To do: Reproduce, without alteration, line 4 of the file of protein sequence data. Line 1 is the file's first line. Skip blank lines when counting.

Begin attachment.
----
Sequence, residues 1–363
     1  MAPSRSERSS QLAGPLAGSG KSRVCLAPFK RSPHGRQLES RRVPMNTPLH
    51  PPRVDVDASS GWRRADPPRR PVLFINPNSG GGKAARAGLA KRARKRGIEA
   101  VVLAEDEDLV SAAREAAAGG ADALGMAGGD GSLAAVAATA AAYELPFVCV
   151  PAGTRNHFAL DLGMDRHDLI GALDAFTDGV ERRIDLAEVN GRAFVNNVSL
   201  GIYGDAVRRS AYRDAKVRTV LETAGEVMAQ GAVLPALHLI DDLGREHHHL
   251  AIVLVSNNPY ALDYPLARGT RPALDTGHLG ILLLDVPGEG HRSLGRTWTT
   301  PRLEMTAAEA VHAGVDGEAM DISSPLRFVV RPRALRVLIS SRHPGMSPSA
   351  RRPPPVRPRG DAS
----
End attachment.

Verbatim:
   101  VVLAEDEDLV SAAREAAAGG ADALGMAGGD GSLAAVAATA AAYELPFVCV